Challenge Level

Think of two whole numbers under 10, and follow the steps. I can work out both your numbers very quickly. How?

Challenge Level

Can you find rectangles where the value of the area is the same as the value of the perimeter?

This article explains how to make your own magic square to mark a special occasion with the special date of your choice on the top line.

Challenge Level

Think of a number, add one, double it, take away 3, add the number you first thought of, add 7, divide by 3 and take away the number you first thought of. You should now be left with 2. How do I. . . .

Challenge Level

Can you see how to build a harmonic triangle? Can you work out the next two rows?

Challenge Level

When number pyramids have a sequence on the bottom layer, some interesting patterns emerge...

Challenge Level

There is a particular value of x, and a value of y to go with it, which make all five expressions equal in value, can you find that x, y pair ?

Challenge Level

Think of a two digit number, reverse the digits, and add the numbers together. Something special happens...

Challenge Level

The Number Jumbler can always work out your chosen symbol. Can you work out how?

Challenge Level

What are the possible dimensions of a rectangular hallway if the number of tiles around the perimeter is exactly half the total number of tiles?

Challenge Level

Watch these videos to see how Phoebe, Alice and Luke chose to draw 7 squares. How would they draw 100?

Challenge Level

Some students have been working out the number of strands needed for different sizes of cable. Can you make sense of their solutions?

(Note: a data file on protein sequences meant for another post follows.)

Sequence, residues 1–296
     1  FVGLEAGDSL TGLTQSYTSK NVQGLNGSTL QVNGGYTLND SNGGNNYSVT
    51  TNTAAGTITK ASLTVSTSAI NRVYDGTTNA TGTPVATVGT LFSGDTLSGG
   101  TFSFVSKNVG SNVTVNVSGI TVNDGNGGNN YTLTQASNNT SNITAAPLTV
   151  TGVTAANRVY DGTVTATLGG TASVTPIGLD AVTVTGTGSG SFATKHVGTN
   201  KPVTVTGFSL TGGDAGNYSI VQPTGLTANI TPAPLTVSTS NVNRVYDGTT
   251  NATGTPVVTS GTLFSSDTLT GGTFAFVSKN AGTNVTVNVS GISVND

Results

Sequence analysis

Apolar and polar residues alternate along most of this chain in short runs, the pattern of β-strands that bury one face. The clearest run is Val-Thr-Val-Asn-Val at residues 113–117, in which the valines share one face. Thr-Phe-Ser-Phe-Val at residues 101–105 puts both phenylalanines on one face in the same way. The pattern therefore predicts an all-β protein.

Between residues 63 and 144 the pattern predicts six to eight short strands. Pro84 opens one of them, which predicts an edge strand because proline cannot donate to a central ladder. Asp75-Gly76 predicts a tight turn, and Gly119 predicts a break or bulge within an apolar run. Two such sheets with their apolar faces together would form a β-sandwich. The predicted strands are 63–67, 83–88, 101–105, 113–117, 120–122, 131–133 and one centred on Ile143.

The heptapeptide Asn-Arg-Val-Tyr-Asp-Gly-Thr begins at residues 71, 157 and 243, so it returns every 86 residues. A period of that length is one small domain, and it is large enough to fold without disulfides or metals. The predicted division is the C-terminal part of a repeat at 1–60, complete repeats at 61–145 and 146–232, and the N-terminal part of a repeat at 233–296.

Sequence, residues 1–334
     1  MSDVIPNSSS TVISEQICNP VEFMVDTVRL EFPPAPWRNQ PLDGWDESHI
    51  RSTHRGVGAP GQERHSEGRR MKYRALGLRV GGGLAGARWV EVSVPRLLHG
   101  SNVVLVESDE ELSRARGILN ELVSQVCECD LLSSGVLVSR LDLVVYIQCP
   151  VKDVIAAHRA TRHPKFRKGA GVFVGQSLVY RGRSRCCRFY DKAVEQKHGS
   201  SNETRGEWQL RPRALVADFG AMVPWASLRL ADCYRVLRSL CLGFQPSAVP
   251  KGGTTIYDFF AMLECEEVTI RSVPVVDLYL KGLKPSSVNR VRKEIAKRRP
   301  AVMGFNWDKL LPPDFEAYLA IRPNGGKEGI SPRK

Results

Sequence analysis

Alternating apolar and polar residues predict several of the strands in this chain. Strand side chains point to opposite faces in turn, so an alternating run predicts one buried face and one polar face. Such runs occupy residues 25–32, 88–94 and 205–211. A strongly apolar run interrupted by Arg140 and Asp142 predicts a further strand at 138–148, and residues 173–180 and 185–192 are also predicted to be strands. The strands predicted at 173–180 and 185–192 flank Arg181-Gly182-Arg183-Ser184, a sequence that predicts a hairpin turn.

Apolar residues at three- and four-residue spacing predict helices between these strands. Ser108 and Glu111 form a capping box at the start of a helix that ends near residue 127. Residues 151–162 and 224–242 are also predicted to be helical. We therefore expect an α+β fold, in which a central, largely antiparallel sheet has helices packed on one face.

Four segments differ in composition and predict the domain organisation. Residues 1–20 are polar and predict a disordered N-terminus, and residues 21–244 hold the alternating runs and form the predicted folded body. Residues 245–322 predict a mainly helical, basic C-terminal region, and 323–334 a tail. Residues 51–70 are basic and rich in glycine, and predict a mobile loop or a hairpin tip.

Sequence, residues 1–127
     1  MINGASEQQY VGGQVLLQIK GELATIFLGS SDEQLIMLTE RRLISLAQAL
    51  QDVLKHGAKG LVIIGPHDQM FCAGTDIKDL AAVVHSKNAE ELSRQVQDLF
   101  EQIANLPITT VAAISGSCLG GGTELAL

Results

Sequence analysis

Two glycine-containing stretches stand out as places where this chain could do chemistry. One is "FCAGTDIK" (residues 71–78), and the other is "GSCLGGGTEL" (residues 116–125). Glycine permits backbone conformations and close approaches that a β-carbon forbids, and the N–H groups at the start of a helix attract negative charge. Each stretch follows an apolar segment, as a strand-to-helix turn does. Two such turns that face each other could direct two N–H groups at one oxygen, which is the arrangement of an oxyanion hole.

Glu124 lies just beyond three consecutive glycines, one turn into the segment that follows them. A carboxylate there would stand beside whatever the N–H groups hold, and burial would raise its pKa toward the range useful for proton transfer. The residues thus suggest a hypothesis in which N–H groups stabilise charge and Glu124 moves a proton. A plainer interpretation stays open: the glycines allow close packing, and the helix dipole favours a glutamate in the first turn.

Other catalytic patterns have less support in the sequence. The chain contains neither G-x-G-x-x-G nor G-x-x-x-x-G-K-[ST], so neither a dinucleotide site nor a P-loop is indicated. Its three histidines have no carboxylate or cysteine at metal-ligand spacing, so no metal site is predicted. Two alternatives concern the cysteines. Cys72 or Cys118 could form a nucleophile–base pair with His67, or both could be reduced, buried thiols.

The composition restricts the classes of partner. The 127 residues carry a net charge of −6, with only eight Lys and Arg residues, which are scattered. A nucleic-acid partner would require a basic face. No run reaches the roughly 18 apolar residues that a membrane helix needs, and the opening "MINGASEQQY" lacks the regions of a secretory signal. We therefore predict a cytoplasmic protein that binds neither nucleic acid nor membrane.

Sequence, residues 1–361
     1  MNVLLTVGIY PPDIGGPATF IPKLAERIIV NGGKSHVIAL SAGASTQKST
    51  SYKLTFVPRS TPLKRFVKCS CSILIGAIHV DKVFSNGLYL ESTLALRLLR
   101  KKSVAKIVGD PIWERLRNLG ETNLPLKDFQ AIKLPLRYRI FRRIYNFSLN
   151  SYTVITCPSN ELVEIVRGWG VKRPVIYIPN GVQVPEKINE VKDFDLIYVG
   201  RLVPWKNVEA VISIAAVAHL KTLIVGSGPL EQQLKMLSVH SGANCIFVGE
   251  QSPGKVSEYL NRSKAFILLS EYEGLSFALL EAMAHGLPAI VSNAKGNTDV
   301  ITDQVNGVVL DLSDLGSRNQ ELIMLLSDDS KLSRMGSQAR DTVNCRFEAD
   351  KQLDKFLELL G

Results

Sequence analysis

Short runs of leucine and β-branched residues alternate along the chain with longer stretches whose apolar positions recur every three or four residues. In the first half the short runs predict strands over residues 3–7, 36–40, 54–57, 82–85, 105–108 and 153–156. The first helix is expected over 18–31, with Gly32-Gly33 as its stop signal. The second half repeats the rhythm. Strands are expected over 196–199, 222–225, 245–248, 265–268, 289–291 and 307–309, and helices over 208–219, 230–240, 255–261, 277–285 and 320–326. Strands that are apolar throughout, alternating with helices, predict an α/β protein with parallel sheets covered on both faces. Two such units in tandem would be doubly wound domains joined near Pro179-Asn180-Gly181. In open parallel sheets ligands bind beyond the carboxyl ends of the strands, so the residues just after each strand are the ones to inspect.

Challenge Level

Janine noticed, while studying some cube numbers, that if you take three consecutive whole numbers and multiply them together and then add the middle number of the three, you get the middle number. . . .

Challenge Level

A little bit of algebra explains this 'magic'. Ask a friend to pick 3 consecutive numbers and to tell you a multiple of 3. Then ask them to add the four numbers and multiply by 67, and to tell you. . . .

Challenge Level

Try entering different sets of numbers in the number pyramids. How does the total at the top change?

Challenge Level

Kyle and his teacher disagree about his test score - who is right?

Challenge Level

Pick the number of times a week that you eat chocolate. This number must be more than one but less than ten. Multiply this number by 2. Add 5 (for Sunday). Multiply by 50... Can you explain why it. . . .

Challenge Level

Find some examples of pairs of numbers such that their sum is a factor of their product. eg. 4 + 12 = 16 and 4 × 12 = 48 and 16 is a factor of 48.

Challenge Level

How many winning lines can you make in a three-dimensional version of noughts and crosses?

Challenge Level

The sum of the numbers 4 and 1 [1/3] is the same as the product of 4 and 1 [1/3]; that is to say 4 + 1 [1/3] = 4 ï¿½ 1 [1/3]. What other numbers have the sum equal to the product and can this be. . . .

Challenge Level

Robert noticed some interesting patterns when he highlighted square numbers in a spreadsheet. Can you prove that the patterns will continue?

Challenge Level

Where should you start, if you want to finish back where you started?

Challenge Level

32 x 38 = 30 x 40 + 2 x 8; 34 x 36 = 30 x 40 + 4 x 6; 56 x 54 = 50 x 60 + 6 x 4; 73 x 77 = 70 x 80 + 3 x 7 Verify and generalise if possible.

Challenge Level

An algebra task which depends on members of the group noticing the needs of others and responding.